While living green is extremely important another important piece of all of our lives is the “green” that helps us afford and take care of the world we live in. When we think of currency, we tend to think of paper bills and a handful of metal coins (which, as this article points out, is an oversimplification). Now, with the growth and rise of globalization, you could just as easily imagine currency as a few numbers on a computer that are constantly shifting over a global marketplace as goods and services are able to move more freely from country to country, due to incredible advances in technology that bring the world closer to each other. However, not all currency fits into this very specific mold. Indeed, there are dozens of other examples of currency that exist around the world, in one way or another. Some of these examples have been here for thousands of years, while others are mutual to this new age. Here are some alternative currencies that are still used around the world…
Trading one item for another is at the heart of why we have currency. However, the idea is that a common currency is supposed to simplify the process of trade by creating a general standard of value. Regardless, though, the oldest way to trade is to simply barter something that you have for something that you want. This is done, perhaps casually, by nearly every culture on the planet, and is the most common way that we bypass using a mainstream currency to purchase the things that we need.
Another one of the most popular alternative forms of currency is a precious metal that has been a major cause of envy and greed for years: gold. Only decades ago, much of the world’s paper currency was backed up by gold (in what we call the gold standard). This served to restrain inflation by putting the value of currency onto something tangible, such as gold. However, gold itself is not locked in at a particular value, and is subject to supply and demand changes, just like any other form of currency. However, still to this day, when citizens get worried about the state of their nation’s currency, there will always be those who transfer their wealth to gold.
Despite the long history of gold, it is by no means the oldest currency on the planet. Aside from simple bartering, the longest used currency in the world is actually the cowry shell, which was the first general currency to be used in many places across the Orient. To this day, certain small communities in Eastern Asia will still use the cowry shell as a form of currency. Admittedly, though, these places don’t have much of an impact on the global economy.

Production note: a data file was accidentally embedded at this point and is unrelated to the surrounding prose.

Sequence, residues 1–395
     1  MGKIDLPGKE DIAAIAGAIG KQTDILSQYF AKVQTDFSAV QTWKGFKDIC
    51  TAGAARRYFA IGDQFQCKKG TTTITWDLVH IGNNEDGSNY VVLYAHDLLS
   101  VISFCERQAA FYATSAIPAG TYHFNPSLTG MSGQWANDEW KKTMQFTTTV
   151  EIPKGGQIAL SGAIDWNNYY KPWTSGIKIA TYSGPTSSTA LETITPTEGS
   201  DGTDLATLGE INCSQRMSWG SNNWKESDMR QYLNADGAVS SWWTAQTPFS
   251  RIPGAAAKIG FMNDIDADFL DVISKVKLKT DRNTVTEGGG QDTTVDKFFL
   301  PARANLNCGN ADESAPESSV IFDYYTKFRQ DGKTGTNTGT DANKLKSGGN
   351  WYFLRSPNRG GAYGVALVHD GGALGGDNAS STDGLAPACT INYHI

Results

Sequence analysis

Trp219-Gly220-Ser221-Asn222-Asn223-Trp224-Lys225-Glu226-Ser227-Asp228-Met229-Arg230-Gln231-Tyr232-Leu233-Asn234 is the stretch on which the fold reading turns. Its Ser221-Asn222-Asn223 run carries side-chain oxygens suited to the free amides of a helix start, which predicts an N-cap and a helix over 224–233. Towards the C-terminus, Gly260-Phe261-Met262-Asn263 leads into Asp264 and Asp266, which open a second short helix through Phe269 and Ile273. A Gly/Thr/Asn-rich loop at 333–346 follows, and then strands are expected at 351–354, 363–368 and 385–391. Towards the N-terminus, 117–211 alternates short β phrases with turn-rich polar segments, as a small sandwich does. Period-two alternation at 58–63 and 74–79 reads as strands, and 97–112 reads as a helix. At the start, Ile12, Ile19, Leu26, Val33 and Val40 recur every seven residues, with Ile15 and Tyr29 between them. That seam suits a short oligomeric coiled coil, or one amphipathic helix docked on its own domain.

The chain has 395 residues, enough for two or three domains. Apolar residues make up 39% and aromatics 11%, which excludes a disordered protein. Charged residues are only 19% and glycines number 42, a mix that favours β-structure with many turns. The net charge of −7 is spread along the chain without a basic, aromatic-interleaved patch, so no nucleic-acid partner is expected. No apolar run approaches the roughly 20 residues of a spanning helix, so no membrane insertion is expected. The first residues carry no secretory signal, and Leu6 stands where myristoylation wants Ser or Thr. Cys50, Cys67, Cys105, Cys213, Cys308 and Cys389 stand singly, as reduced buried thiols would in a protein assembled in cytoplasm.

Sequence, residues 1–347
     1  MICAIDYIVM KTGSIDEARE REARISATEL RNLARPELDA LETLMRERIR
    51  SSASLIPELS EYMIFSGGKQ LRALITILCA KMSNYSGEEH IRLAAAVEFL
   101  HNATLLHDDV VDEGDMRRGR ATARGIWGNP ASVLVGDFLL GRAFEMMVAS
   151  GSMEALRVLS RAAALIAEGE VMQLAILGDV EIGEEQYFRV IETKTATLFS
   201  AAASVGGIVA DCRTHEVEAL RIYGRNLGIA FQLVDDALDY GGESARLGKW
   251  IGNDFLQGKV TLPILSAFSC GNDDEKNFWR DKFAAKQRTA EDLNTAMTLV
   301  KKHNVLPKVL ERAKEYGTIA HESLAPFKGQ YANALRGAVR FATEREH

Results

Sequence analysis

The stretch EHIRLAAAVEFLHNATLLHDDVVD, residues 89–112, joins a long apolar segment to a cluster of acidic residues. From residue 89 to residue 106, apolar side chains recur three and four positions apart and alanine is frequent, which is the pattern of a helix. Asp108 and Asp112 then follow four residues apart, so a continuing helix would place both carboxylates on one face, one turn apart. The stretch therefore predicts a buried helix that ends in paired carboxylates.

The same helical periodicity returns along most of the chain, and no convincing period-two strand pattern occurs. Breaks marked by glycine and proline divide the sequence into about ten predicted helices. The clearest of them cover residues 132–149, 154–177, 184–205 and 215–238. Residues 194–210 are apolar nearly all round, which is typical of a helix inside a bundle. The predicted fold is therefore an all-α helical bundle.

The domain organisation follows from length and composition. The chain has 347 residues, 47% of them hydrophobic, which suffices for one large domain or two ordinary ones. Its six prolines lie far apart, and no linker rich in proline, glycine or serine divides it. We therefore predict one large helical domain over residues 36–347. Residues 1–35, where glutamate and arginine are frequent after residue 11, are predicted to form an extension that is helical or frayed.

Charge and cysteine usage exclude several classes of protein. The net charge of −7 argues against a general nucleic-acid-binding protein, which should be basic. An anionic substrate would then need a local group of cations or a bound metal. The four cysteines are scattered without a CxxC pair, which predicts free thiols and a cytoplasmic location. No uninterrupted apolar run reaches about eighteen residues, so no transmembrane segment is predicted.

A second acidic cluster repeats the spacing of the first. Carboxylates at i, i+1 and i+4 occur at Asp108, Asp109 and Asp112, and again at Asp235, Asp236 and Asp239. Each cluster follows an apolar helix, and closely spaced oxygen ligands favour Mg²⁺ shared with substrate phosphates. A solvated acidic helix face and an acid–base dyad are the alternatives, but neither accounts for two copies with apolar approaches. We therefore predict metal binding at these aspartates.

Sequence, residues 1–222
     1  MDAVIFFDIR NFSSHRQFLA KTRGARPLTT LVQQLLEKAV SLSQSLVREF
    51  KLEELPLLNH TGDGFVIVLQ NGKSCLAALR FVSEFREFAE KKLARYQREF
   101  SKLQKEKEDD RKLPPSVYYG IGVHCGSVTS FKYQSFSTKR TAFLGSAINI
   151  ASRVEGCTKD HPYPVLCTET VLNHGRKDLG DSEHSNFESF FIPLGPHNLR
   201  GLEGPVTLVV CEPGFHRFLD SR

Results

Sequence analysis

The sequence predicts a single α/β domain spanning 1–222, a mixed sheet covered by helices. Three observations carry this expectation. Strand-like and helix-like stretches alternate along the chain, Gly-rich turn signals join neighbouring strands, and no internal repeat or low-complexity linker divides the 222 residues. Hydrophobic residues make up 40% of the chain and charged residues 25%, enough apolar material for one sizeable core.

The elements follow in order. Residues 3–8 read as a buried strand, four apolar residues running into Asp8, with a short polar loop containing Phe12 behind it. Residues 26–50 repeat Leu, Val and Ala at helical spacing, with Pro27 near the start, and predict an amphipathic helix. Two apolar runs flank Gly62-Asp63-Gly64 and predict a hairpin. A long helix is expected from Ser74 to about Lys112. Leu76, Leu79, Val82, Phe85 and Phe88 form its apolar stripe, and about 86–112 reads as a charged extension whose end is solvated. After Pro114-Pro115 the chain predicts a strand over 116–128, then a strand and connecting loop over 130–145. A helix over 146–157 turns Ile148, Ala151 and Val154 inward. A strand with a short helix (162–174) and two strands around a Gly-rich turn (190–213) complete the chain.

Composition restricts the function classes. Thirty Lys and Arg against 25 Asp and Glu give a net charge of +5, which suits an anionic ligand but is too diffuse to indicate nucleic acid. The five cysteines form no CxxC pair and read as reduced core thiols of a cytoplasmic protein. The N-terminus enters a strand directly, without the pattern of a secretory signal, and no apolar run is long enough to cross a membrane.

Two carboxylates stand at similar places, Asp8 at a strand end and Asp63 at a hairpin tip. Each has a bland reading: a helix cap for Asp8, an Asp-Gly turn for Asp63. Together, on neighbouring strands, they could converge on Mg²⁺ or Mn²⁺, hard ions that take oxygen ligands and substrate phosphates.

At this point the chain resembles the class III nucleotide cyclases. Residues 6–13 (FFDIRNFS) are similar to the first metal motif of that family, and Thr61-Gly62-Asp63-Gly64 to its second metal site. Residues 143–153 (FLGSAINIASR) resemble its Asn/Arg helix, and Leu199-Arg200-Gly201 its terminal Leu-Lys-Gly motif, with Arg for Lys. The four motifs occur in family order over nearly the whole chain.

Bitcoin (and other cryptocurrencies)
The face of alternative currency in the digital age belongs to Bitcoin, a strictly digital currency that was started by a group of online libertarians and anarcho-capitalists. Nobody knows exactly who created Bitcoin, as the programmer used the pseudonym Satoshi Nakamoto. The point of Bitcoin was to have a decentralized currency that wasn’t affected by the monetary policies of global government. The system essentially creates digital assets that can be used to purchase goods and services, as it is verified by a secure third-party system for both parties. Because of its decentralization, Bitcoin is often called a cryptocurrency. While it wasn’t the first of its kind, it definitely became the largest, and there have been many others since then.
There are plenty of small communities in the world, many of them in Africa and parts of Asia, which use their own unique currency for local transactions. The major benefit of this is that it is able to create a closed economy that keeps its currency circulating from within. This is great for some small communities, as it keeps their currency within their own economy, since it is impossible to use it for transactions with the rest of the world. However, this also begets the problem with using localized currencies. The world today is moving further and further towards globalization, and there’s no way to reverse that trend. Eventually, you are going to have to interact with other societies and civilizations, and mingle with them economically. Having a localized currency can put you at a severe disadvantage, as your citizens will have a harder time transitioning to the finances of a global economy.